Often when a student begins Jiu-Jitsu they encounter “technique overload.” They get a taste of the power of “The Gentle Art”, and try to seek out everything about it. Searching for techniques via YouTube or the internet, or buying up dvds/apps from the latest and greatest. This often leads a student to being overwhelmed and getting off-track.
Bottom line, you don’t have to know, or do, every single technique you see or learn. Trying to do everything you learn will actually begin to slow your growth. Your instructor will show you many different principles, concepts and techniques. However, it doesn’t mean you need to lock them all down right away. Jiu-Jitsu is a “sipping” art.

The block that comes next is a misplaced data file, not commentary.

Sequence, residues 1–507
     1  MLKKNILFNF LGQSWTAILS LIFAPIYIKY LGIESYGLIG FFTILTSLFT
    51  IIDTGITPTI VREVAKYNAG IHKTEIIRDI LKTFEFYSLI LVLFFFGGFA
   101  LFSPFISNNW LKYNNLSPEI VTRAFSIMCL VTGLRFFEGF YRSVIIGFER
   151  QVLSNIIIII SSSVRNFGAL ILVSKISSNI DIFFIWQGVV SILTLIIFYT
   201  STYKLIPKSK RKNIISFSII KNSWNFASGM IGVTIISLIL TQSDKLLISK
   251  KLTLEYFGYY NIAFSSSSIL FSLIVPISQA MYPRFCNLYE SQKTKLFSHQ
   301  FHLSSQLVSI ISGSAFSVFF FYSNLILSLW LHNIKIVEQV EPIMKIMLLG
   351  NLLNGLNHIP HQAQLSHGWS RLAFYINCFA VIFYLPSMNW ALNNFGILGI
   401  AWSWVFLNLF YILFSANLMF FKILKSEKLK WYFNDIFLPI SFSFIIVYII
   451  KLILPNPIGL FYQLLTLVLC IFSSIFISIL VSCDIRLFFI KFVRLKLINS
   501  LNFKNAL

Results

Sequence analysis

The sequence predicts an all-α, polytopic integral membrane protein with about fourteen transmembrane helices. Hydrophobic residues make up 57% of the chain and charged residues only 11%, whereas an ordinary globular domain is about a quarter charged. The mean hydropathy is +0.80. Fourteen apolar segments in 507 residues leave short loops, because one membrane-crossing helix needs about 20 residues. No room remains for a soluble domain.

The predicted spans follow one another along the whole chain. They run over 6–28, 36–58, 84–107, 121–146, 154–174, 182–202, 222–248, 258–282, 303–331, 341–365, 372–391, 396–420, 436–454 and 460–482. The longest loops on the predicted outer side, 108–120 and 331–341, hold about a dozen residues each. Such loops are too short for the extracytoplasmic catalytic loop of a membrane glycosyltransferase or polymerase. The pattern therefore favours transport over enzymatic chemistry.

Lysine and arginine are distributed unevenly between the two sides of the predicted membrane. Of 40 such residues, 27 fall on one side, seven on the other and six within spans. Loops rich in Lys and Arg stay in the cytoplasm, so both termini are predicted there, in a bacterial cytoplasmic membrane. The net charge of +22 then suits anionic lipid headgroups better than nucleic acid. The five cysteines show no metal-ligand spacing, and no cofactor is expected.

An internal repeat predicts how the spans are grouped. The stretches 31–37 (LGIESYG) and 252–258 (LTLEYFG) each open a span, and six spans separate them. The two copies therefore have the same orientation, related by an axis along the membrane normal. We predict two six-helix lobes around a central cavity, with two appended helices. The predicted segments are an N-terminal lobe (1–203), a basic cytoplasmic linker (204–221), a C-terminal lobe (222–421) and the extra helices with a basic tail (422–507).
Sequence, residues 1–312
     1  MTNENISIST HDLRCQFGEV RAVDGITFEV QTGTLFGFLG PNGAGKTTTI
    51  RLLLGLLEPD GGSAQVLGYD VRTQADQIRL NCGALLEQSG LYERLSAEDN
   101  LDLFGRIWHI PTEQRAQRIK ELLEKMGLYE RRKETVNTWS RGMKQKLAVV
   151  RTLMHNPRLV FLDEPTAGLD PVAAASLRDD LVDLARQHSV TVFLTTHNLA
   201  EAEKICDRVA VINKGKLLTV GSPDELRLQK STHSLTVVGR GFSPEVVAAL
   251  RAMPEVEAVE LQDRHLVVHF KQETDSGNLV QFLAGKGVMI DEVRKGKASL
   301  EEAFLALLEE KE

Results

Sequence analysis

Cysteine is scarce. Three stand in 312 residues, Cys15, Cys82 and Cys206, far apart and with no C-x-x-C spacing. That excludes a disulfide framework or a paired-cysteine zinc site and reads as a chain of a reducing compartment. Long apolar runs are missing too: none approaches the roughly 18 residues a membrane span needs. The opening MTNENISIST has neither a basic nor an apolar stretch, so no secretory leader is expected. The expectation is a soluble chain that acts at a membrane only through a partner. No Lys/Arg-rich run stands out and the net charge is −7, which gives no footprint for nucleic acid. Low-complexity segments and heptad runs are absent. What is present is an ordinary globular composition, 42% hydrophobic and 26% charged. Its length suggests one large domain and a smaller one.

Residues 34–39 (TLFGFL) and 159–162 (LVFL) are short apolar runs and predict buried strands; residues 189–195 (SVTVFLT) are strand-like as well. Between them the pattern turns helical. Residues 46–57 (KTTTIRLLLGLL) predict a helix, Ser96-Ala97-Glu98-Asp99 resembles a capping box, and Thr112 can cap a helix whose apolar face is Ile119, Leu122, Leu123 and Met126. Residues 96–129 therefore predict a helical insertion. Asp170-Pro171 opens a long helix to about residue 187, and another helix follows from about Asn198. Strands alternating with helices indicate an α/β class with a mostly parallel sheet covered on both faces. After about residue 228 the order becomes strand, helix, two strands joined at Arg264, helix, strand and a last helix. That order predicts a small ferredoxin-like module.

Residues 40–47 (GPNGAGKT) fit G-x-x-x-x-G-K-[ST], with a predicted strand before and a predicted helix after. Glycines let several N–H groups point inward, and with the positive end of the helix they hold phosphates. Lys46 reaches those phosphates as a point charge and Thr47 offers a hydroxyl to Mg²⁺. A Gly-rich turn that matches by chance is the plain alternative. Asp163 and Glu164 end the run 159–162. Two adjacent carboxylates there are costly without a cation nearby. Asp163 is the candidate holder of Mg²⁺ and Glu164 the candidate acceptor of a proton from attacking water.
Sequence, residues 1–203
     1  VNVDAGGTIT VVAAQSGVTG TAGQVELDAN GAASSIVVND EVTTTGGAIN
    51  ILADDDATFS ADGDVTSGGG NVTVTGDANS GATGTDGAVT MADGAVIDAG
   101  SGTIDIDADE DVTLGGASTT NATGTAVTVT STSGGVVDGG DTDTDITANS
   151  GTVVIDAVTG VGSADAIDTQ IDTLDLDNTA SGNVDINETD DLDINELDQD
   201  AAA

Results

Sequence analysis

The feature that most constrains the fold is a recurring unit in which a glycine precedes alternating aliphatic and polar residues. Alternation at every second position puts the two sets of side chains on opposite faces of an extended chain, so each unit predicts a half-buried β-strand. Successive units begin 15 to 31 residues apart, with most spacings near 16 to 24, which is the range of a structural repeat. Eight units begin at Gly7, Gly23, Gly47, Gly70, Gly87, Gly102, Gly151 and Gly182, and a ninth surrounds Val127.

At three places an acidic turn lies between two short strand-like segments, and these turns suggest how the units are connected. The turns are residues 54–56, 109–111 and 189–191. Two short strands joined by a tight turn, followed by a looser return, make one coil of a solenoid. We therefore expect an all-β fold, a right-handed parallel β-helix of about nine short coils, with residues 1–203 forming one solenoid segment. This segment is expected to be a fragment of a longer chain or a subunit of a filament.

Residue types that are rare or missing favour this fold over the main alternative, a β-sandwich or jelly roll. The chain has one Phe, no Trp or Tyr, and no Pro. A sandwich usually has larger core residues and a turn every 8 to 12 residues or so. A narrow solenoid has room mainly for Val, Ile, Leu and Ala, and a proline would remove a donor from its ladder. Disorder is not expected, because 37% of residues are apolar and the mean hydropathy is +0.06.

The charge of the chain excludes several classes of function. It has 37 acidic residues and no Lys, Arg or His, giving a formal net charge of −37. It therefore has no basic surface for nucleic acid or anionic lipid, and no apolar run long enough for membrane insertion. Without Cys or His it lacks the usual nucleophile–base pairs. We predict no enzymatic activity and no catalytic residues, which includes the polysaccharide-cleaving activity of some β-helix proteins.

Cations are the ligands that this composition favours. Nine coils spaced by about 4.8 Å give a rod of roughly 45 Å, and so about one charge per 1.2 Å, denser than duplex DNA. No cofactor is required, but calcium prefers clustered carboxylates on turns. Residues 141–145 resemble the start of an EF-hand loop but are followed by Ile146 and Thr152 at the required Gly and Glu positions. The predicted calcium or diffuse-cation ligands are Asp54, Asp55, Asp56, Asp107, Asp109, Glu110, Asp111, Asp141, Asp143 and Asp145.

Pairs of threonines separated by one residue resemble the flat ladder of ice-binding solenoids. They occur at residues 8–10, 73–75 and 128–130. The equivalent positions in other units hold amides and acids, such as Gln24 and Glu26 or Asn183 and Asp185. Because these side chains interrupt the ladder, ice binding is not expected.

Instead focus on something specific for the game you’re trying to build, and do this sooner rather than later. If your coach says how important a certain movement is to improving overall skill, maybe incorporating that into your game would be a better option than the new trick technique that some high-level competitive black belt is currently showing and is all the rave.
When you find something that you like to do most…do it often…and from different situations. Remember, it doesn’t always have to be an offense-type of technique either. Sometimes learning and doing things defensively against other’s games can go a long way in developing yourself into a formidable opponent as well. Bottom line…sometimes a Jack of all Trades is a Master of None, and mastering nothing can leave you vulnerable and confused.
“I fear not the man who has practiced 10,000 kicks once, but I fear the man who has practiced one kick 10,000 times.” Bruce Lee
Learn. Drill. Roll. TRANSFORM!